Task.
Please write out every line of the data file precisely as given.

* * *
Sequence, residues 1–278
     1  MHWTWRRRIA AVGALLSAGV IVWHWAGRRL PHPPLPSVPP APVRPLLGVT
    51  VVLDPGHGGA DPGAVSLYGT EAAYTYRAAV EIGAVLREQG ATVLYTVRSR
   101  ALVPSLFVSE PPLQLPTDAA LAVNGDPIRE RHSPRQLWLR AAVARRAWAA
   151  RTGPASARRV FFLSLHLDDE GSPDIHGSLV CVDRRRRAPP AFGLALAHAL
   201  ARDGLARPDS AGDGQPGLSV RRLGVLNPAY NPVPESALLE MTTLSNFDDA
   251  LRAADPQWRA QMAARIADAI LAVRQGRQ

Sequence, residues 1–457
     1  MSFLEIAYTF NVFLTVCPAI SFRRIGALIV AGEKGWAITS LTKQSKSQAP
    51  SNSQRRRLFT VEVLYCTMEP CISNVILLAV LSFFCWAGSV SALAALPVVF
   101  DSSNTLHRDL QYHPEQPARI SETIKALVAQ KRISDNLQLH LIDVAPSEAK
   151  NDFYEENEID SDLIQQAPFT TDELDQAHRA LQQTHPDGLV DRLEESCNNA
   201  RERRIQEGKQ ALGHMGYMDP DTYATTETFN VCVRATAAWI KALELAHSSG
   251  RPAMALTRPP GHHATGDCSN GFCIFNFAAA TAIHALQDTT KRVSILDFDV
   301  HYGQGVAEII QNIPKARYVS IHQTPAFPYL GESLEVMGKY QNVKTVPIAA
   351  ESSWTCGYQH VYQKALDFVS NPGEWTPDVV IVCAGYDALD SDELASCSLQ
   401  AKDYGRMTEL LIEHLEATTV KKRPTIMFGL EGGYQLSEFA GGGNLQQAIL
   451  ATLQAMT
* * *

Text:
Sequence, residues 1–278
     1  MHWTWRRRIA AVGALLSAGV IVWHWAGRRL PHPPLPSVPP APVRPLLGVT
    51  VVLDPGHGGA DPGAVSLYGT EAAYTYRAAV EIGAVLREQG ATVLYTVRSR
   101  ALVPSLFVSE PPLQLPTDAA LAVNGDPIRE RHSPRQLWLR AAVARRAWAA
   151  RTGPASARRV FFLSLHLDDE GSPDIHGSLV CVDRRRRAPP AFGLALAHAL
   201  ARDGLARPDS AGDGQPGLSV RRLGVLNPAY NPVPESALLE MTTLSNFDDA
   251  LRAADPQWRA QMAARIADAI LAVRQGRQ

Sequence, residues 1–457
     1  MSFLEIAYTF NVFLTVCPAI SFRRIGALIV AGEKGWAITS LTKQSKSQAP
    51  SNSQRRRLFT VEVLYCTMEP CISNVILLAV LSFFCWAGSV SALAALPVVF
   101  DSSNTLHRDL QYHPEQPARI SETIKALVAQ KRISDNLQLH LIDVAPSEAK
   151  NDFYEENEID SDLIQQAPFT TDELDQAHRA LQQTHPDGLV DRLEESCNNA
   201  RERRIQEGKQ ALGHMGYMDP DTYATTETFN VCVRATAAWI KALELAHSSG
   251  RPAMALTRPP GHHATGDCSN GFCIFNFAAA TAIHALQDTT KRVSILDFDV
   301  HYGQGVAEII QNIPKARYVS IHQTPAFPYL GESLEVMGKY QNVKTVPIAA
   351  ESSWTCGYQH VYQKALDFVS NPGEWTPDVV IVCAGYDALD SDELASCSLQ
   401  AKDYGRMTEL LIEHLEATTV KKRPTIMFGL EGGYQLSEFA GGGNLQQAIL
   451  ATLQAMT